Women whose work can be done by men to stay at home, says Taliban Mayor of Kabul
Only those women municipal workers in Kabul whose positions men "could not fill" have been permitted to return to their posts, Taliban-appointed Kabul Mayor MolaviHamdullahNomani has said.
However, those women whose work can be done by men have been asked to stay at home "until the situation is normalised", the mayor added. Their salaries will be paid, he said.
In a video posted by AFP News Agency, he said, "We allowed those who were needed or in positions that men could not fill or that were not for men to return to their posts. They go to work every day. But for positions that men can fill, we have told women to stay at home until the situation is normalised. Their salaries will be paid."
MolaviHamdullahNomani explained, "At first we allowed them all to take up their posts, but then the Islamic Emirate found it necessary to stop women from working for a while."
A few days after taking control of Kabul in August, the Taliban held their first press conference. During the conference, Taliban spokesperson Zabihullah Mujahid asserted that the rights of women would be protected "within the limits of Islamic law".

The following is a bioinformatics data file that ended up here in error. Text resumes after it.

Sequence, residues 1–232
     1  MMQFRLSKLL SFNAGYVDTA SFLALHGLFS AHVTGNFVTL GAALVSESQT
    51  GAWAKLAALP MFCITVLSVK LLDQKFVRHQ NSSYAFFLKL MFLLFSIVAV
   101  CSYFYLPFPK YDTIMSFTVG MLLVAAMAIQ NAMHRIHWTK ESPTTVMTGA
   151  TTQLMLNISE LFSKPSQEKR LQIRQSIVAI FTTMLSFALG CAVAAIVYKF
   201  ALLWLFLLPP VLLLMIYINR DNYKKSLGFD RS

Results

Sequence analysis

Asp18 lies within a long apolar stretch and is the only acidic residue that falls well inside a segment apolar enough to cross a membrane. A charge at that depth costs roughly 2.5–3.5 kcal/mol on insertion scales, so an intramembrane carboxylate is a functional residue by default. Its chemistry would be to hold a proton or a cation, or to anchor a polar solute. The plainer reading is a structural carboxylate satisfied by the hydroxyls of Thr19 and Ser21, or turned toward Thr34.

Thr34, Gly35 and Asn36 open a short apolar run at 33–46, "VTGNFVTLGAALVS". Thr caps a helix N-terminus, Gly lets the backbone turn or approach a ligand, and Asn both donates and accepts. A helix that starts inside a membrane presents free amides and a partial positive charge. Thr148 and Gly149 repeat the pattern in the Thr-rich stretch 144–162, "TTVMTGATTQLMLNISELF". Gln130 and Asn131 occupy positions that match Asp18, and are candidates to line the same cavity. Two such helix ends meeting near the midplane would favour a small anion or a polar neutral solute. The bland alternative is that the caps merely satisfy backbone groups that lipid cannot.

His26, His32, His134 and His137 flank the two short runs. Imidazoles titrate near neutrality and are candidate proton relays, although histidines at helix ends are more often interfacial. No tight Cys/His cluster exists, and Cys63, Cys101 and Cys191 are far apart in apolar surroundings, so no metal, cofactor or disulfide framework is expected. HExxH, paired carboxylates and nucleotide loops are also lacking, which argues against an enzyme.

"The women are going to be very active in society, but within the framework of Islam,” Mujahid said.
Amid fears of the Taliban implementing regressive sexist policies as was done in their previous regime, the 'new' Taliban were keen to present themselves as different from their predecessors.
But news reports from Afghanistan over the last few weeks indicate anything but a 'new and improved' Taliban.
A couple of days ago, the Taliban government issued a statement declaring resumption of school classes for boys in grades 7 to 12. There was no mention of girl students or women teachers in the education ministry’s announcement. With girls not allowed to return to secondary schools, the Taliban have effectively enforced a ban on their higher education.
Additionally, the Taliban replaced the Ministry of Women's Affairs with the Ministry of Virtue and Vice. Signs for the country's women's ministry were replaced with those of the Taliban's moral police, Reuters reported, adding that female employees of the department were locked out of the building.
The near future for women's rights in Afghanistan seems bleak at the moment. But the women have not backed down. Only two weeks ago, Afghan women were leading protest marches against the Taliban in Kabul and other cities to demand equal rights.